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GBP up vs EUR down vs … everything else

GBP up vs EUR down vs … everything else

With the election over and the make up of the government finally decided, the news media has turned back to it’s previous obsession, the ash cloud, grounded flights and the BA strike. The new government have already started to talk about cuts, wasting no time in blaming the previous administration for excessive spending, and it looks like we may have some concrete cuts announced today, long before the emergency budget scheduled for sometime next month. The government’s austerity measures are a necessary step to reassure the markets that the deficit will come down, even though any changes will take some time to work themselves through to the government figures. The Pound may gains some support from tough talk, long before actual spending cuts make any difference.

Over the weekend the Euro has continued to slip, as rumours that France’s rating was under threat (rumours that were later denied), and the spending cuts announced by both Spain and Portugal that will create a drag on Eurozone growth, weakened sentiment. The cuts are of course necessary to reduce deficits, and the markets may actually be more nervous about the crisis due to some of dramatic language coming out of EU officials, with Angela Merkel claiming that the future of the EU was at stake, while the ECB member Weber said it was important not to underestimate the dangers to financial stability. As both comments are from Germany, the rhetoric is strong to try to sell the deeply unpopular financial package at home. Whoever the comments were directed to they still spooked the markets and the Euro has slipped to below 1.2250 against the Dollar in overnight trading, a lower level than we saw throughout the previous crisis caused by the Lehman collapse, and a level not seen since 2006. Despite the hysteria, the existence of the EU may not be at stake, the reputation of the Euro is, and questions are being asked about it’s viability as a reserve currency.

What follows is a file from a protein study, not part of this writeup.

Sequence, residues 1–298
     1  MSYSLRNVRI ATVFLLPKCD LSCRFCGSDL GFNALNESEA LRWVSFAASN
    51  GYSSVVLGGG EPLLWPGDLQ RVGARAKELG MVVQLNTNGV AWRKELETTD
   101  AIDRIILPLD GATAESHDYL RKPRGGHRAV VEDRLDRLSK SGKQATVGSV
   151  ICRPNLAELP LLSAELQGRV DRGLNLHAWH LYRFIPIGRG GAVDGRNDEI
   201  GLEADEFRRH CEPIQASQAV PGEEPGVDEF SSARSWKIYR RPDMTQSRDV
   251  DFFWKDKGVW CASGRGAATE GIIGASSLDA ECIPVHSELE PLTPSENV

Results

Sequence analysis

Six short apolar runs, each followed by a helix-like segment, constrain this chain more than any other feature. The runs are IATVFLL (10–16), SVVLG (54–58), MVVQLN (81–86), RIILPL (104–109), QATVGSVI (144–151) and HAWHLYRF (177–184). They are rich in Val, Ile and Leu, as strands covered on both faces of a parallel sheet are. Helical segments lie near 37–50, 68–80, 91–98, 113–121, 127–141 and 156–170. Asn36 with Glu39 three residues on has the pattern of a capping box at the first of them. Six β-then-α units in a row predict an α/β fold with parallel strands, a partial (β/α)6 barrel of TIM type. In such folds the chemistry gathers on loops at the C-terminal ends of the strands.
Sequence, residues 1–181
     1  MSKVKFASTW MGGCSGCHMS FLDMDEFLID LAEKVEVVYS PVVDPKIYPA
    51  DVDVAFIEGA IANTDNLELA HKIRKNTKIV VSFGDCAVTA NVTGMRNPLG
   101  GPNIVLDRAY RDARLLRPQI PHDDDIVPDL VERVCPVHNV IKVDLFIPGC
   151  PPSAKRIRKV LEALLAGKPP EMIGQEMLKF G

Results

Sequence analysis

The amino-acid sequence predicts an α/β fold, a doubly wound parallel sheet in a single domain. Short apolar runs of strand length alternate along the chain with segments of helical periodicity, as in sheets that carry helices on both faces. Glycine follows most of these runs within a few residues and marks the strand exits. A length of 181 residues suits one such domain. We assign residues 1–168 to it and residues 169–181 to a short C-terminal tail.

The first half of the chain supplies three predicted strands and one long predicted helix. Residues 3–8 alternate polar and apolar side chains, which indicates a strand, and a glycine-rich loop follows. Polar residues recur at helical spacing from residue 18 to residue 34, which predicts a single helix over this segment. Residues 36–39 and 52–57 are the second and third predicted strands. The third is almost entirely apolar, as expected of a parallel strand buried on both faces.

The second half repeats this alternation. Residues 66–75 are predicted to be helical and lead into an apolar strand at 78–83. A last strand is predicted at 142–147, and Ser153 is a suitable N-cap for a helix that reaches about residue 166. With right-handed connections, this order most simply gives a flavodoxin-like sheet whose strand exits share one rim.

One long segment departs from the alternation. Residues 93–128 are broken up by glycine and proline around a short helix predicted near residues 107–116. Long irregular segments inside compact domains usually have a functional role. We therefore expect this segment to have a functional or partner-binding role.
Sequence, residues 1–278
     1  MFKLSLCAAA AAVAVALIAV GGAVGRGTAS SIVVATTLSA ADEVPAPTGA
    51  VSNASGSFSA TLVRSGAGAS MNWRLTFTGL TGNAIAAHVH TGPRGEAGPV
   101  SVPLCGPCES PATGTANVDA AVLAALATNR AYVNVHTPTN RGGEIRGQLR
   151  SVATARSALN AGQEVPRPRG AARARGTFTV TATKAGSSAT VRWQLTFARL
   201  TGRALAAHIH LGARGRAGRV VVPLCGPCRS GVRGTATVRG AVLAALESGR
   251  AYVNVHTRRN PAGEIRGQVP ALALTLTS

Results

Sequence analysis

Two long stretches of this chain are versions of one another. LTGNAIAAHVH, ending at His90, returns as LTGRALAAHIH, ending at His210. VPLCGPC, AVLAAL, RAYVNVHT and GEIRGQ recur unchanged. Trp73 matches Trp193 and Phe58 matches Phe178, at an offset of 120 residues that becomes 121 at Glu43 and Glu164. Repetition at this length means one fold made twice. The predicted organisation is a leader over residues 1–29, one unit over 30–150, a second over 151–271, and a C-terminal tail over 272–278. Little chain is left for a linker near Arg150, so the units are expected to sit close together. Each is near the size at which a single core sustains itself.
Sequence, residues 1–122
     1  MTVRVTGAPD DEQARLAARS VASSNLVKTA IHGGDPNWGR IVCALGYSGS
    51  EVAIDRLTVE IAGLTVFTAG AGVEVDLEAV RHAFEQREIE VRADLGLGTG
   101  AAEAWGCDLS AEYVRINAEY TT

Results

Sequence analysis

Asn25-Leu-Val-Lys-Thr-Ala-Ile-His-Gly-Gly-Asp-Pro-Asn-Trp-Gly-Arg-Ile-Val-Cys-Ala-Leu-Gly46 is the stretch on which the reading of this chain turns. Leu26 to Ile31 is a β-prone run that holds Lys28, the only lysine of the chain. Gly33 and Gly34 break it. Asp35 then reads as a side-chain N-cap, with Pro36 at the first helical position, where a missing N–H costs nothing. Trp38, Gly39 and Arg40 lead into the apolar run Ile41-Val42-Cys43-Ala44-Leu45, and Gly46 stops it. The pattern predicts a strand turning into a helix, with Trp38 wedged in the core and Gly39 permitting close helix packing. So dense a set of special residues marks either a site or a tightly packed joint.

The Pound has shown some strength against the Single Currency, climbing back above 1.17 this morning. Against the Dollar the Pound has been suffering, due to a combination of risk aversion caused by the Euro meltdown, as well as better than expected US retail sales and Industrial production figures. It has been a volatile night for the Pound against the Dollar, which has seen it slip from 1.4550 to almost 1.4250, a level not seen for over a year, then push back above 1.44 this morning. The Austerity measures may give the Pound some long term support, and although the UK economy may outperform the very weak Eurozone, and even then only just, it will be a hard road back against the Dollar with the US economy coming out of the recession the strongest of the major developed worlds economies.

Osbourne has just finished his speech, and as expected they announced a independent forecasting body to supply the Treasury with accurate forecasts, something which was always suspect with the previous Chancellor Darling using predictably optimistic growth figures. The Chancellor has also announced that the emergency budget will be held on the 22nd of June, a day before England play Slovenia in the world cup, perhaps he is hoping a strong win the next day will distract from some unpopular tax rises and spending cuts. Osbourne has announced little else, so the markets will have to wait until tomorrow’s CPI figure for any UK news. There is some data out in the US this afternoon, but once against the Euro problems will dominate the markets, which may leave the Pound vulnerable to the Dollar, but supported against the Single Currency.

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